Finding the Best Solutions for Medical Devices
| By: Kristin Lewotsky, Contributing Editor
Despite the global downturn, the medical device market remains strong.
During a time when other industries contracted by 20 to 25%, the medical technology market shrank by a mere 3%, say analysts at Emergo Group Inc. (Austin, Texas). Just because the market is hot doesn't mean it's any less competitive, however. Every company in the space is striving to produce smaller, lighter, more efficient products that cost less, and get those products to market as quickly as possible. To succeed, engineers should use smart design principles, educating themselves on the range of technologies available, and tapping the expertise of supply-chain partners to streamline the prototype-to-market process.
Medical products can range from laser skin resurfacing handsets to 45-axis automated analyzers that can perform 170 different lab assays at 1200 samples per hour (see figure 1). Although centralized control might seem appealing for large instruments like the latter, it can create problems, says Donald Labriola, president of QuickSilver Controls Inc. (Covina, California). “As you get beyond a certain number of axes, you're starting to push the drive capability of the buses,” he comments. “Then you're trying to get all the cabling out of these boards, into backplanes, and out to where they're being used. You end up with multiple interconnects per signal.” Cabling is the single biggest point of failure in motion control, and interconnects are no different. A centralized design might require double or triple the number of connections of a distributed control architecture.
Troubleshooting faults in centralized, overly integrated machines can be a challenge. Labriola describes a complex laboratory blood-chemistry analyzer with centralized control and shared power supplies. “A clamping diode on a solenoid on one portion of the system got crushed," he says. "That was throwing spikes on the 12 V system and injecting noise into an analog part of a whole different subsystem. We were trying to troubleshoot [that fault] when the source of the problem was nowhere near where the result was reflected.” The fruitless search for an error can be time consuming, expensive, and most of all, frustrating.
A better approach is a modular design that breaks a machine into subsystems, each of which operates on a power source that is independent, filtered, and monitored to prevent propagation of high-frequency signals. If communications takes place over optical fiber, that eliminates ground loops and noise issues. “The idea is to put the mechanical, electrical, and software boundaries all at the same point,” says Labriola. “Your chances of having unknown interactions are a lot lower. You can test each subsystem as a unit.”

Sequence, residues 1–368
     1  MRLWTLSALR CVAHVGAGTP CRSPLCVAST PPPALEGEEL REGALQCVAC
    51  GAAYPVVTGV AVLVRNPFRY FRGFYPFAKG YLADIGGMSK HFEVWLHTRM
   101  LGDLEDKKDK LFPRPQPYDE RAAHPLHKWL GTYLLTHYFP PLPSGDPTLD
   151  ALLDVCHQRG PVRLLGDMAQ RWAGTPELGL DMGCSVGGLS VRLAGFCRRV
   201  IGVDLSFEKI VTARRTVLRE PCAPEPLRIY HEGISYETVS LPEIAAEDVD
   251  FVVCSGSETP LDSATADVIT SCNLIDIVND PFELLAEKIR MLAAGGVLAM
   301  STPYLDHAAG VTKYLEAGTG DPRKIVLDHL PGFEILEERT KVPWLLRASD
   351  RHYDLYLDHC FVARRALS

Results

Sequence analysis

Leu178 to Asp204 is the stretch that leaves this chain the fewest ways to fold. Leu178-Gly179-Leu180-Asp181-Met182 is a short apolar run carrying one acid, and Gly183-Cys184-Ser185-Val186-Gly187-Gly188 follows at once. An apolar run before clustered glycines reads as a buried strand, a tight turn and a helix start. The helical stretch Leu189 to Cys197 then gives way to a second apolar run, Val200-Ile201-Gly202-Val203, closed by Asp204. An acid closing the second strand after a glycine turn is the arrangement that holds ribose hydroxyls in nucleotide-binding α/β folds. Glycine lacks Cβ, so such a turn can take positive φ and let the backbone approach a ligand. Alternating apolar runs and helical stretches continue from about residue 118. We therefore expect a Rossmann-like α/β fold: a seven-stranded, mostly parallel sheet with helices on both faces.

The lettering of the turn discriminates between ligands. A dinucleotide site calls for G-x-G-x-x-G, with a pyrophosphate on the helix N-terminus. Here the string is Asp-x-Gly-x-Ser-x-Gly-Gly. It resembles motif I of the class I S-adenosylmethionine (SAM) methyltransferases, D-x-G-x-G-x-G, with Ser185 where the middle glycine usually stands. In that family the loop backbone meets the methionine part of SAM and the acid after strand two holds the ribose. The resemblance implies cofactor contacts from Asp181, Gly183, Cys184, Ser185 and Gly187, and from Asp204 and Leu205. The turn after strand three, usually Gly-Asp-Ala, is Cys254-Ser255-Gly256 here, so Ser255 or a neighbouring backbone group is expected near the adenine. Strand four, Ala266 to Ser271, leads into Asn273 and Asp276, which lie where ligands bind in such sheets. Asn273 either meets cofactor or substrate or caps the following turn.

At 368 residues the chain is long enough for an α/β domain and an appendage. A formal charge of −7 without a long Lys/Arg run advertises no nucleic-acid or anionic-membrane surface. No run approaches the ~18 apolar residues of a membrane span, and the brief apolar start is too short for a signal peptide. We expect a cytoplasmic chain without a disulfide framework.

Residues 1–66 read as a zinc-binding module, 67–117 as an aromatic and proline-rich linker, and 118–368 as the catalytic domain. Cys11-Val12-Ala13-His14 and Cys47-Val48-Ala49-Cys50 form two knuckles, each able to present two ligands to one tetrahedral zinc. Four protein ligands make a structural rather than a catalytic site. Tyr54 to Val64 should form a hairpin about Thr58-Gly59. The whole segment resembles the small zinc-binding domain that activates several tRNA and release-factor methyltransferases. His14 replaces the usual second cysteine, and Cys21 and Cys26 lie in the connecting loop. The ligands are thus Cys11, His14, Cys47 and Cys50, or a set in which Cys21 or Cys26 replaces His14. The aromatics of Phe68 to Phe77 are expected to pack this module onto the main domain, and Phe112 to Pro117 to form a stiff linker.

The approach makes troubleshooting a breeze and simplifies design. Encapsulation of system information at lower levels also aids in rapid prototyping as optimization experiments can vary parameters in separate subsystems independently. Basic modules can be reused, amortizing the non-recurring-engineering hours over multiple projects. Modular design with distributed architectures also provides benefits in terms of cost, weight, and footprint. Instead of wiring leading from each component to a backplane, components are daisy-chained, reducing cabling and component tray by as much as 40%.
Large systems like assay machines need to be shipped in sections to fit through doorways and elevators. A machine like the one described above is far easier to partition if the controls and motors go along with the systems they support. The individual modules can be placed on kinematic mounts for alignment. With the connection of a small number of interfaces, the machine is ready to go.
Smart design goes beyond the centralized/distributed debate. Companies need to not only use an efficient architecture; they need to leverage the background of their vendors to help them make up the right choices when it comes to manufacturing. “Companies that sell medical devices can be myopic in their approach,” says Gus Geil, applications engineer at MicroMo (Clearwater, Florida). “They start brainstorming their gizmo. They know what their device needs to do but they have no idea how to make it and they waste valuable man-hours trying to come up with their first prototype.”
One approach can be to grab a catalog and start ordering what ever is small and cheap, ignoring their suppliers beyond a cursory discussion. That can prove to be a costly mistake. Vendors have a deep experience base and knowledge of technologies available to solve the problem at hand. “If they just stay focused with their own internal team, they're missing out on a huge amount of help that vendors can bring to the table, not only to design efficiently but correct quickly so they can get on to their clinical trials and FDA approval,” Geil adds. The faster a device can get through clinical trials and regulatory approval, the sooner it can be on the market making money. “We spend a lot of time trying to help people examine their needs and talk to them about the entire vision that they have for this product. Too many engineers focus strictly on performance and they fail to examine what else is important in the application, which goes way beyond the initial design discussion.”